Average $63 in daily spending in January is down from $76 in December
PRINCETON, NJ -- Americans' self-reported daily spending averaged $63 in January, down from $76 in December but similar to the January spending levels in each of the last three years. Further, the $13 decline in average daily spending between December 2011 and January 2012 is typical of the post-holiday shopping season decline that Gallup has seen since 2010.
January spending in 2009 dropped by $25 -- more than Gallup has typically seen in four years of tracking this metric daily. This echoed the decline in Americans' confidence in the economy around the same time as problems in the labor, housing, and stock markets ensuing from the global financial crisis dominated economic news. Spending has largely been subdued ever since, and the spikes in self-reported spending seen each December have quickly ended each January.
Higher-Income Americans Pulled Back the Most
Most of the decline in overall consumer spending last month was the result of sharp cutbacks among affluent and upper-middle-income Americans -- those in households earning at least $90,000 a year and between $60,000 and $89,999 per year, respectively. Spending among both groups rose especially sharply over the holiday period -- between October and December -- and subsequently declined the most in January. By contrast, middle- and lower-income Americans' spending had been fairly flat across this entire four-month period.
A similar pattern was seen spanning the October to January period in 2010-2011, although spending was not quite as flat as in this cycle among the two lower-income groups.
Apart from high-income Americans, the biggest spenders in January were men, adults aged 30 to 49, and residents of the West. These findings are consistent with the broader patterns seen in Gallup Daily tracking of consumers' self-reported spending throughout 2011.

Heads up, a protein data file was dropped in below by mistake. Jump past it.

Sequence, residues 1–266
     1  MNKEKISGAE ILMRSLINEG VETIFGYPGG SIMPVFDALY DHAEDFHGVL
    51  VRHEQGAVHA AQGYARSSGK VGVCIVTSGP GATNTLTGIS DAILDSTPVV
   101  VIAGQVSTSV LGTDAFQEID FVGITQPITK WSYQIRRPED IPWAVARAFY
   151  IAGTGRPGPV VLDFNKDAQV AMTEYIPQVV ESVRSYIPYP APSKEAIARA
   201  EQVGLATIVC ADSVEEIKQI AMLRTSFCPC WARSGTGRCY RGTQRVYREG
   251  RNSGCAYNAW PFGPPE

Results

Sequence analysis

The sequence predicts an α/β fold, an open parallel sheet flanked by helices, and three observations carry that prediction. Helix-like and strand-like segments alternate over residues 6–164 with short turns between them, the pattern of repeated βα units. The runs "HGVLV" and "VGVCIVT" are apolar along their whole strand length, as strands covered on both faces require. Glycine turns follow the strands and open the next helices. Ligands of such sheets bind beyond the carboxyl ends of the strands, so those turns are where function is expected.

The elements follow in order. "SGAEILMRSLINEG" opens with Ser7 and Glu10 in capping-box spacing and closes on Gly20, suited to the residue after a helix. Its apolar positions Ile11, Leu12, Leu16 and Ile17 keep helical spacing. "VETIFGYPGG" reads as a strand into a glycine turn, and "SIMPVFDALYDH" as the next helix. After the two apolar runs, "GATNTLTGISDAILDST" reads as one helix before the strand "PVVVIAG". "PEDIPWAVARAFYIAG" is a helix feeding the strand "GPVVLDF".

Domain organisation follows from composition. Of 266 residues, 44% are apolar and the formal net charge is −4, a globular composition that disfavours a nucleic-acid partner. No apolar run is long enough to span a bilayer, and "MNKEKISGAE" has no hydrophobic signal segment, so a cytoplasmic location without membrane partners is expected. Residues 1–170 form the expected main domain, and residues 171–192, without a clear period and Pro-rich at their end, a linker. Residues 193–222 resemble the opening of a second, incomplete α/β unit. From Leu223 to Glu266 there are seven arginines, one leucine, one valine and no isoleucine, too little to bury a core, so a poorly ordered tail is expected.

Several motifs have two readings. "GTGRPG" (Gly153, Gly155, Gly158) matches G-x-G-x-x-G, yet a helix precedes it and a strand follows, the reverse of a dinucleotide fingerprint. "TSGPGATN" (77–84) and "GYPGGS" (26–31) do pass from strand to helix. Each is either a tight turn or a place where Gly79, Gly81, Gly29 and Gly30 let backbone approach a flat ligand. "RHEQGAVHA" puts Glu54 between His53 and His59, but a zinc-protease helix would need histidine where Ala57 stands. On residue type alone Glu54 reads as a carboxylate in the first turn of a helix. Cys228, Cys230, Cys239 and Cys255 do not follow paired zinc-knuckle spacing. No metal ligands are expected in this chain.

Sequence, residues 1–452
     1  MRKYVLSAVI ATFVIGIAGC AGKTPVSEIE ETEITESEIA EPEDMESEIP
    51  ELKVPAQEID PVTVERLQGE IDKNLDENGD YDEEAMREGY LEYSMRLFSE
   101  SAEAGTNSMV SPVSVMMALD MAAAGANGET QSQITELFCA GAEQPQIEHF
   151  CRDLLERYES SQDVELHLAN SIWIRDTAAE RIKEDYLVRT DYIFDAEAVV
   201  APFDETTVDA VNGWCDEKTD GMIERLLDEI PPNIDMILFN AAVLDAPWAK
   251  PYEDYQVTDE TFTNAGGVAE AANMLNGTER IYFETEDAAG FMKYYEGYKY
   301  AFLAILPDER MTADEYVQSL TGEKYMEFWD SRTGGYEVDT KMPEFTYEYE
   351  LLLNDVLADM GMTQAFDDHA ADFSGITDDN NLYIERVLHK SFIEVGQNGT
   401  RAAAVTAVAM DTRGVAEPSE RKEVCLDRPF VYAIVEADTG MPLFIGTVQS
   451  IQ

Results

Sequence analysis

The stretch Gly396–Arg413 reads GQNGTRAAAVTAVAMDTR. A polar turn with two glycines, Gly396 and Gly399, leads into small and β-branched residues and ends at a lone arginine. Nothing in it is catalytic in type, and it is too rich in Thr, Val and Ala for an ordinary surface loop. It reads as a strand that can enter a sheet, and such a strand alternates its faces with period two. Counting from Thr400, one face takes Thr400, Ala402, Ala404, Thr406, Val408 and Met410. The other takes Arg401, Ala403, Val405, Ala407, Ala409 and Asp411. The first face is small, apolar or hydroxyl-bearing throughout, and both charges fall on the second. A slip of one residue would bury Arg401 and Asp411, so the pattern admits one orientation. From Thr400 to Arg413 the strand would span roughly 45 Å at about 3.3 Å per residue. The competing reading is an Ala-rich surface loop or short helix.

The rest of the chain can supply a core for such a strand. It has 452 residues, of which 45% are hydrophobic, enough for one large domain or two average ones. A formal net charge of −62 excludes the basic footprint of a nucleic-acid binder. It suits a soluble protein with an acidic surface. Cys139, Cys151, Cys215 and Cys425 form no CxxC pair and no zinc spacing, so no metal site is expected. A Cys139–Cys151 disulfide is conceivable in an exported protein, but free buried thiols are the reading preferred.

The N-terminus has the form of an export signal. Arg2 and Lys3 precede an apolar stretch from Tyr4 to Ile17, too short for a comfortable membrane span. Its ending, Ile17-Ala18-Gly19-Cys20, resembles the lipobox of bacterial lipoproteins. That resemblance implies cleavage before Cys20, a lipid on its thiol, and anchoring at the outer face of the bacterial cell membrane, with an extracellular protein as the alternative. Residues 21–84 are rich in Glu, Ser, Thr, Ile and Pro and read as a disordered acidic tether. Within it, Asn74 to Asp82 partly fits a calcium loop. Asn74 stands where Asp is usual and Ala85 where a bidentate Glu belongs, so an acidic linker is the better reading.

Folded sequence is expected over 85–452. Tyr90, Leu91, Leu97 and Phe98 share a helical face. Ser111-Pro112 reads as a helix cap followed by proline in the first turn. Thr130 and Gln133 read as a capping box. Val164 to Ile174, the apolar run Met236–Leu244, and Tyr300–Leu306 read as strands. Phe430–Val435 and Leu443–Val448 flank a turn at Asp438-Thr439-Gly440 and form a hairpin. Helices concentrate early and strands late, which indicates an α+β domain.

January typically brings an abrupt end to the spending spree Americans go on each holiday season, and this January was no exception. Retailers certainly expect this and plan for it. Perhaps the good news in this year's figures is that spending declined by no more than the normal amount seen in each of the prior two years, and that decline was not nearly as extreme as the one in 2009.
Gallup's monthly averages since January 2009 suggest spending will continue to be subdued through March, but should start to pick up again in April, and further still in May.
Gallup.com reports results from these indexes in daily, weekly, and monthly averages and in Gallup.com stories. Complete trend data are always available to view and export in the following charts:
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Results are based on telephone interviews conducted as part of Gallup Daily tracking Jan. 2-31, 2012, with a random sample of 15,013 adults, aged 18 and older, living in all 50 U.S. states and the District of Columbia.
For results based on the total sample of national adults, one can say with 95% confidence that the maximum margin of sampling error is ±1 percentage point.
Interviews are conducted with respondents on landline telephones and cellular phones, with interviews conducted in Spanish for respondents who are primarily Spanish-speaking. Each sample includes a minimum quota of 400 cell phone respondents and 600 landline respondents per 1,000 national adults, with additional minimum quotas among landline respondents by region. Landline telephone numbers are chosen at random among listed telephone numbers. Cell phone numbers are selected using random-digit-dial methods. Landline respondents are chosen at random within each household on the basis of which member had the most recent birthday.
Samples are weighted by gender, age, race, Hispanic ethnicity, education, region, adults in the household, and phone status (cell phone only/landline only/both, cell phone mostly, and having an unlisted landline number). Demographic weighting targets are based on the March 2011 Current Population Survey figures for the aged 18 and older non-institutionalized population living in U.S. telephone households. All reported margins of sampling error include the computed design effects for weighting and sample design.
The questions reported here were asked of a random half-sample of respondents for 30 nights on the Gallup Daily tracking survey.
In addition to sampling error, question wording and practical difficulties in conducting surveys can introduce error or bias into the findings of public opinion polls.
For more details on Gallup's polling methodology, visit www.gallup.com.